Thousands of investors who poured money and time into the John McAfee-evangelized cryptocurrency ecommerce project, Bezop, have become the victims of data theft. The startup reportedly left the personal details of more than 25,000 investors on a publicly accessible MongoDB database, including links to scanned passports, drivers licenses, and other forms of photo ID.
Bezop is a cryptocurrency startup that is reportedly designed to act as a distributed online retail platform for third-party sellers. As the paid-for-sponsor, McAfee described it, “it allows simple and secure creation of ecommerce sites — searchable in the same manner as Amazon — but with no Amazon as middleman.”
As “secure” as the eventual platform may be though, Bezop doesn’t appear to have done a tremendous job of securing its early investors’ information. The public database was accessible as recently as March 30, according to MacKeeperSecurity and revealed just about everything about investors — including scanned document images. The thousands of individuals affected by this leak are said to be early investors and promoters, the latter of whom were paid in Bezop’s tokens to promote the cryptocurrency on forums and social media.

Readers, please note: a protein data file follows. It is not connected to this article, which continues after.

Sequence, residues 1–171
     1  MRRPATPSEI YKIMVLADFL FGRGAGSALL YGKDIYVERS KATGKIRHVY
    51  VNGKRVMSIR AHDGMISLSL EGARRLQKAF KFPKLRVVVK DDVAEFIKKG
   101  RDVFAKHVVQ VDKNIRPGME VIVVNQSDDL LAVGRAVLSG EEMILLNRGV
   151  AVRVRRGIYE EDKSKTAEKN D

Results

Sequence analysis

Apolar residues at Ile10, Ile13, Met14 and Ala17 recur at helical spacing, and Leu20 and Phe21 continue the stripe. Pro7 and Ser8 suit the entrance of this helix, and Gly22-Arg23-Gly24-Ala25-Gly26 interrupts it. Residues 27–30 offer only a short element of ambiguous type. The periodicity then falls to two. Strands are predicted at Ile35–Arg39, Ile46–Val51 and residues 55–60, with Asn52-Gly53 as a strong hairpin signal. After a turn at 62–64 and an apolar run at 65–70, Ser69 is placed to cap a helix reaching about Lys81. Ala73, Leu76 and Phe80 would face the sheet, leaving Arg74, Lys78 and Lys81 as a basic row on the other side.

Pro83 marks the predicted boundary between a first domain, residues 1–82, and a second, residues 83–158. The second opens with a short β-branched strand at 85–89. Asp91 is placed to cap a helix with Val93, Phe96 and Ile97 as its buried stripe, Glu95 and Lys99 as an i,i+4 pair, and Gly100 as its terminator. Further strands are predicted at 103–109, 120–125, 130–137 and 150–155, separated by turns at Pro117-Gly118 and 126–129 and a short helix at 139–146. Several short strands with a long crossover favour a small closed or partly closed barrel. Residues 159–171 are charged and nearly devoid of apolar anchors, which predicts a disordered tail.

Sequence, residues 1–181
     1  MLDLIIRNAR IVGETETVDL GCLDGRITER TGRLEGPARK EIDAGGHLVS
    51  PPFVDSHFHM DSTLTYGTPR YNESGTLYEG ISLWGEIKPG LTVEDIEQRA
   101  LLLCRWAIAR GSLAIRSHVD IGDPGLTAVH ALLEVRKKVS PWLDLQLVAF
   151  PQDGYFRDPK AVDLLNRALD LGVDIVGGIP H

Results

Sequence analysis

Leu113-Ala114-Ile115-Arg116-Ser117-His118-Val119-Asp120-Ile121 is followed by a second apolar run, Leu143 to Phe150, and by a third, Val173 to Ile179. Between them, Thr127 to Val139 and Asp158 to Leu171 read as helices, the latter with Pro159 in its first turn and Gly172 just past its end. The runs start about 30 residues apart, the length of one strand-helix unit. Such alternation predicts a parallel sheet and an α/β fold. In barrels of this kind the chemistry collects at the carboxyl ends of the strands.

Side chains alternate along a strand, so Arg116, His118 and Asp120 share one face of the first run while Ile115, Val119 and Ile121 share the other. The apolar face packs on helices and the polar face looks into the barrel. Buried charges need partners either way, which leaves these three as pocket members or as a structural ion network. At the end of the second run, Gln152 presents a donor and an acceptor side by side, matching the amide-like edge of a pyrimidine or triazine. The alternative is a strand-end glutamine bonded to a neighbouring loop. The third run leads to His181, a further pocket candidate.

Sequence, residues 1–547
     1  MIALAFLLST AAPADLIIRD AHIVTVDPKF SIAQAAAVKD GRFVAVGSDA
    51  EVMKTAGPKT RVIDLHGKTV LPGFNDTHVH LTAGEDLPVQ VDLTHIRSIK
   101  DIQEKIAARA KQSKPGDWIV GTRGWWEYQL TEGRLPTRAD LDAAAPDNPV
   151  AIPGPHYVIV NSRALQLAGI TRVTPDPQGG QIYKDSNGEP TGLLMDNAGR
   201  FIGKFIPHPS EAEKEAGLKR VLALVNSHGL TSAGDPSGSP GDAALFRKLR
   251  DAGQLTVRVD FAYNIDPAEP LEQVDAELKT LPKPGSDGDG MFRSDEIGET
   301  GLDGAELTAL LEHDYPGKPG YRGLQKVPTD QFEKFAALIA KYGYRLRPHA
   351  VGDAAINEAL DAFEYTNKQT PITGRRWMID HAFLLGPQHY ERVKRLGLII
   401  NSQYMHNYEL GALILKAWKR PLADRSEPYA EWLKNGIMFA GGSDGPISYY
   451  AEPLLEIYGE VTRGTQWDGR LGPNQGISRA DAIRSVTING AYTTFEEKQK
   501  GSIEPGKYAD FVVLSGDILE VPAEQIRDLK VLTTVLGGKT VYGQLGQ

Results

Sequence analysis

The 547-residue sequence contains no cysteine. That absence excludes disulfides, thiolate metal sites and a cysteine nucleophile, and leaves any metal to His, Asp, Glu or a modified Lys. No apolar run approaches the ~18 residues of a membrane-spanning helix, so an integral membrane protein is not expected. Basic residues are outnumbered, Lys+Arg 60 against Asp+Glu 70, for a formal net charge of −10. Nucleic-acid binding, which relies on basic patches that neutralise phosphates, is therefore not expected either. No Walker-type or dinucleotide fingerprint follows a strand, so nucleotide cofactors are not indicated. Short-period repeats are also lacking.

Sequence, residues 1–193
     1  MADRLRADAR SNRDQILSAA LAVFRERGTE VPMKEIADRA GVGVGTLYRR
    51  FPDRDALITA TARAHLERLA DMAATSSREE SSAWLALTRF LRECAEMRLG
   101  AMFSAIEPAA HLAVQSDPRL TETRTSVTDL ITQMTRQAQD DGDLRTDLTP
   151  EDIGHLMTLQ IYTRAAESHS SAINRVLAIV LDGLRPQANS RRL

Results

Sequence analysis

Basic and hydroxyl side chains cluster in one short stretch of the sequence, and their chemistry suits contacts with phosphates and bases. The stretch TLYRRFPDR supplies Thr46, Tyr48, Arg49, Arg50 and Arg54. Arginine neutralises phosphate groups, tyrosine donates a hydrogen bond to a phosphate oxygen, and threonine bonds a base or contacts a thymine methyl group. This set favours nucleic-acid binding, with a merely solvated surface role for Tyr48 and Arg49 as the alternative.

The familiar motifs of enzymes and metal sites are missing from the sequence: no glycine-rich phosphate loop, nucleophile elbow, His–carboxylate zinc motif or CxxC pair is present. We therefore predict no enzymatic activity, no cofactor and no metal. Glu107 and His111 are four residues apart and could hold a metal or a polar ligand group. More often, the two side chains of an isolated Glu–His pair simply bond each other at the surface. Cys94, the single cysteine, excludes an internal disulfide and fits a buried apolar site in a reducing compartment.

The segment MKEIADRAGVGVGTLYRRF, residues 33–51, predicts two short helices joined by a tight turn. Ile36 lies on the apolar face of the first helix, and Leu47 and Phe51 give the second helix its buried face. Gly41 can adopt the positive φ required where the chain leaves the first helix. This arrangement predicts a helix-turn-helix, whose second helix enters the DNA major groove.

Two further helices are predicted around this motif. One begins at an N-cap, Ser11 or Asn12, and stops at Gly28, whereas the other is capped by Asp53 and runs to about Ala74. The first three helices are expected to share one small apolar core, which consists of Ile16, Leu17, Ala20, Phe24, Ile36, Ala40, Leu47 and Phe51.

When questioned about the leak by ThreatPost, Bezop’s Chief Technical Officer Deryck Jones brushed it off, suggesting that his leak happened in January during the initial coin offering. Although he claimed it was “disappointing,” he suggested that all investors had been informed at the time.
A Bezop engineer, Camelius Ubah, suggested in a statement that this wasn’t newsworthy: “[This] has already been addressed publicly on January 8, 2018,” he said. “Sorry to inform you that this is not news to us, neither is it to our subscribers.”
Since this story broke, Bezop’s social media response has been rather mocking, too. Even so, it has yet to do anything about the multitude of scam responses in its tweets’ replies. This has become increasingly common with cryptocurrency promotion on Twitter in recent months.
Despite this seeming internal confidence in Bezop’s ability to handle this relatively monumental leak of information, elsewhere there has been criticism of Bezop and its operators. The bounty program received special condemnation from contributors, prompting Bezop to follow up with an apology post of its own earlier this year. It also had to take steps to clarify the involvement of paid promoters like McAfee.